Risk Management is rarely provided for free
Risk Management is rarely provided for free
The TSP Mutual Fund Window is going to cost you if you choose to participate.
So the Federal Retirement Thrift Investment Board (FRTIB), also known as the board who runs the Thrift Savings Plan, is about to complete the implementation of the TSP Modernization Act.
The final piece of the TSP Modernization Act is to provide the much-anticipated ‘Mutual Fund Window’, which will let TSP Participants invest in funds outside of the 5-letter funds (G, F, C, S, I) and the age-based Lifecycle fund blends of these 5-letter funds.
The ‘Mutual Fund Window’ was a solution to placate congresspeople who wanted to allow TSP participants to have ESG (Environmental Special Goodness) fund options, or to choose based on their conscience if they invest in China and/or Russia.
The Grand Compromise FRTIB/TSP came up with is that TSP participants will soon (Summer 2022) be able to use the TSP Mutual Fund Window, but there will be administrative costs and certain guidelines to follow. The admin costs were put in place so that participants who choose to stay with the original low-cost vanilla 5-letter TSP fund options do not have to pay additional expenses.
In general, the Mutual Fund Window guidelines are:
So let’s apply this to the ‘average Joe’ TSP participant. According to TSP, the average account value for a FERS participant is roughly $174k. Let’s say that Average Joe wants to fill in a TSP product offering gap by investing in a Real Estate Investment Trust (REIT) index fund.
Joe chooses the lowest cost option (which I can only assume will be available) which is the Vanguard Real Estate Index- Admiral shares (VGSLX). VGSLX Expense ratios are a low 0.12 percent per year.
Joe invests the maximum allowable 25% of his $174K, or $43,500 in VGSLX. Joe pays a total of $230.95 in fees and trading costs during his first year of using the Mutual Fund Window, or just over 0.5 percent of his MF Window balance:
At a minumum, typical TSP Participants will pay 0.5 Percent per year in Mutual Fund Window Fees (spreadsheet)
Note that Joe pays roughly $178, or 0.41 percent of Fund Window value in admin fees alone, before paying loads/expenses from the actual VGSLX fund. Note that if Joe invests the MINIMUM amount ($10,000) in the Mutual Fund Window, the admin expenses will be a HIGHER percentage of assets because the $178 fees are fixed. In this case the all-in fees to buy VGSLX will be 1.91 percent.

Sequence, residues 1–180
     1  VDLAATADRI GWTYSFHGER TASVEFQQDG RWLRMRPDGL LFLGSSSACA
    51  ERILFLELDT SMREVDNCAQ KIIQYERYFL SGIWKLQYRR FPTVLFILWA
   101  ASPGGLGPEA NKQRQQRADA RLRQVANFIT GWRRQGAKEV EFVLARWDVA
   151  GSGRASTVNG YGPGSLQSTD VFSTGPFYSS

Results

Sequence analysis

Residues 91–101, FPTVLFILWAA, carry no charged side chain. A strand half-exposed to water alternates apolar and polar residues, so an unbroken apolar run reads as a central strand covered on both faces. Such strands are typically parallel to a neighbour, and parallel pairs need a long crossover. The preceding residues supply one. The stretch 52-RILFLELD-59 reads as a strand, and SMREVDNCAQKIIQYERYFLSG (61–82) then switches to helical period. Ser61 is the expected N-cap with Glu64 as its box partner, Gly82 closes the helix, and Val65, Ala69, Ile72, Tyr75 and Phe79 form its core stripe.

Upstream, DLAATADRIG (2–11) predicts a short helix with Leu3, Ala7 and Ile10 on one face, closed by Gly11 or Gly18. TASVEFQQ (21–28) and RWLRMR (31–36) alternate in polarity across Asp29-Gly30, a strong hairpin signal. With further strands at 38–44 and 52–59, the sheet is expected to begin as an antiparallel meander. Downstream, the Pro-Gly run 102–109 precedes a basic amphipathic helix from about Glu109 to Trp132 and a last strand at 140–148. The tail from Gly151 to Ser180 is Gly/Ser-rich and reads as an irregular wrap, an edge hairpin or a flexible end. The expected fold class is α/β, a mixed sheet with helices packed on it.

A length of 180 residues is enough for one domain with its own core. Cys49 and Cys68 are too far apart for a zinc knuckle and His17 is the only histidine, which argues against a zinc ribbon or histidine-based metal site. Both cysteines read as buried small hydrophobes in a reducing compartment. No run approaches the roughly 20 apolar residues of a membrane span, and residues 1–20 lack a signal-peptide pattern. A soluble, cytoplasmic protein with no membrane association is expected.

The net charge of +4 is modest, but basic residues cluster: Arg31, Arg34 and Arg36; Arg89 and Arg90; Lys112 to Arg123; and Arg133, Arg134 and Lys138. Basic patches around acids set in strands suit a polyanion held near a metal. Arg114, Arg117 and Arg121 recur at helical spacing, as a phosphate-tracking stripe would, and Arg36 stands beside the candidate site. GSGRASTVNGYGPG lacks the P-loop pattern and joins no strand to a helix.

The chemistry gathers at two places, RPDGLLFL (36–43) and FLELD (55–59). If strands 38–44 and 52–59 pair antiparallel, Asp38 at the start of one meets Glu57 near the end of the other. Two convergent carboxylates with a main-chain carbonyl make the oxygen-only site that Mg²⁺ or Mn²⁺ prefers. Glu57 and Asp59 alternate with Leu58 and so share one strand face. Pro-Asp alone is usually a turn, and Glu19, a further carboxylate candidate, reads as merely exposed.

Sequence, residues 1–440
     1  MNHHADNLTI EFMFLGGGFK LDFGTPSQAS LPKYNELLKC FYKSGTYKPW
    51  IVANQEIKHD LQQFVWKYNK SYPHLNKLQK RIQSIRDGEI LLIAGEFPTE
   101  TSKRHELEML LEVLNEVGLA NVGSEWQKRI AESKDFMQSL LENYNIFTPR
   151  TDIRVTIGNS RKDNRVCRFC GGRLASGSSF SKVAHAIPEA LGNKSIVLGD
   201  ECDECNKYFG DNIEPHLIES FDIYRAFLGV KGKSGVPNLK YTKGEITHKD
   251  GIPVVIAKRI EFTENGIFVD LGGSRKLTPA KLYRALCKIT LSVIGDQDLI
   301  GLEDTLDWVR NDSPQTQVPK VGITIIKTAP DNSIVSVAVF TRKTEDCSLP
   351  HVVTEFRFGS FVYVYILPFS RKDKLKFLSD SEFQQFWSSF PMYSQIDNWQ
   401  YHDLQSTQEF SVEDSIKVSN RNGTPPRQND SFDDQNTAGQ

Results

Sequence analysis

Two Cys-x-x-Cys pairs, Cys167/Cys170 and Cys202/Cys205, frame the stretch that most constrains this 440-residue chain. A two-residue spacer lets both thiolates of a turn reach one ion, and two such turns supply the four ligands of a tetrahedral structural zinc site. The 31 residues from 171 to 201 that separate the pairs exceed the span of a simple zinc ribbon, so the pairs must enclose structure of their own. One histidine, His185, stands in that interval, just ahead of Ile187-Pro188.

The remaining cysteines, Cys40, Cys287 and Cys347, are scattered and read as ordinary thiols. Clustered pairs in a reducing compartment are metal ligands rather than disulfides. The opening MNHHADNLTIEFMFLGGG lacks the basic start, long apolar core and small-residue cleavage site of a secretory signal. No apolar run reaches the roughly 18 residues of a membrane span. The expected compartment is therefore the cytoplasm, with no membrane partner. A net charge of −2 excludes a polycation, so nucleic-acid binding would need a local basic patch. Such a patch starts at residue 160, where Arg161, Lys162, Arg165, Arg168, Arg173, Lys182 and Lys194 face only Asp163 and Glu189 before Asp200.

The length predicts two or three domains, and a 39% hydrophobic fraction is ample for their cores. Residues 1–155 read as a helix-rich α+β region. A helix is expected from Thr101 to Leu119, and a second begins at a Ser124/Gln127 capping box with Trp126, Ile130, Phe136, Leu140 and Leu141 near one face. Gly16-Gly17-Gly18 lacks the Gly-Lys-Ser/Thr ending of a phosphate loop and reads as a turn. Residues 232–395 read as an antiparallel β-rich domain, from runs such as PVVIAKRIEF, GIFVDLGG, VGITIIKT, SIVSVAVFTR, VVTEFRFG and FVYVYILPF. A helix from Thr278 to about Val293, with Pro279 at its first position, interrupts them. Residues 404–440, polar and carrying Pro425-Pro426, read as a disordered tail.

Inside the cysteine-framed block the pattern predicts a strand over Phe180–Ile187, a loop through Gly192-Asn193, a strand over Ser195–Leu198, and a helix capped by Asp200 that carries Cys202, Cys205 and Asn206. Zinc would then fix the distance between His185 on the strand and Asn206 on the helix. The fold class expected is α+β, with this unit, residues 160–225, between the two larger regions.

Are fees between 0.53 and 1.91 percent worth it for additional retirement savings diversification?
I’d say ‘no’, unless Joe has no other employer 401k plans available AND lives in the Democratic People’s Republic of California (this will be a follow-on Gubmints post).
Mutual Fund admin fees from 0.5 percent to 1.91 percent per year are not cost-effective unless there is a special provision or feature provided by the retirement account. Most retirement plan savers who want to choose options outside of G/C/F/S/I funds will be better off diversifying their retirement savings through an IRA at Schwab/Fidelity/Vanguard rather than paying TSP an additional 0.5 percent or more per year in admin fees.
ACTION PLAN for TSP Participants:
(Outside of California) If you want more Qualified Retirement Plan diversification than G/F/C/S/I funds, consider using another employer’s low-cost 401k account (if you have it) or a Schwab/Fidelity/Vanguard Rollover IRA account. You’re likely to do better without paying 0.5 percent to 1.91 percent in annual fees to the TSP Mutual Fund Window.
(California Residents) If you desire more diversification within your Retirement Savings and you do not have low-cost options in a current- or former-employer’s 401k plan, consider eating the fees within the TSP Mutual Fund Window as an exchange for the liability protection that TSP provides.
“If everything I’ve done is Wrong… then the Opposite must be Right”.
This is the time of year when people make (or break) New Years’ Resolutions. For those who follow Tim Ferriss, there is an alternate implementation of the Resolution where you instead do a year-end review, tabulate what was Positive and Negative in the past year, then resolve to avoid the biggest Negatives in the coming year.
Here’s an interesting retirement case study for you.
Let’s take a former active duty veteran who resigns after 7 years of service and enters the civilian workforce in the year 2000. This purely hypothetical employee in turn contributes to a Defined Contribution plan (401k or TSP) during his years as a working stiff. He or she contributes to the maximum ‘match’ amount of the employer’s plan- That is, when the employer matches up to 50% of contributions on up to 10% of salary, he contributes 10%. When he is a Federal Employee, he contributes 5% to get the most of the TSP automatic and matching contributions (5% of salary). (Stop me if you’ve figured out who the hypothetical employee is by now).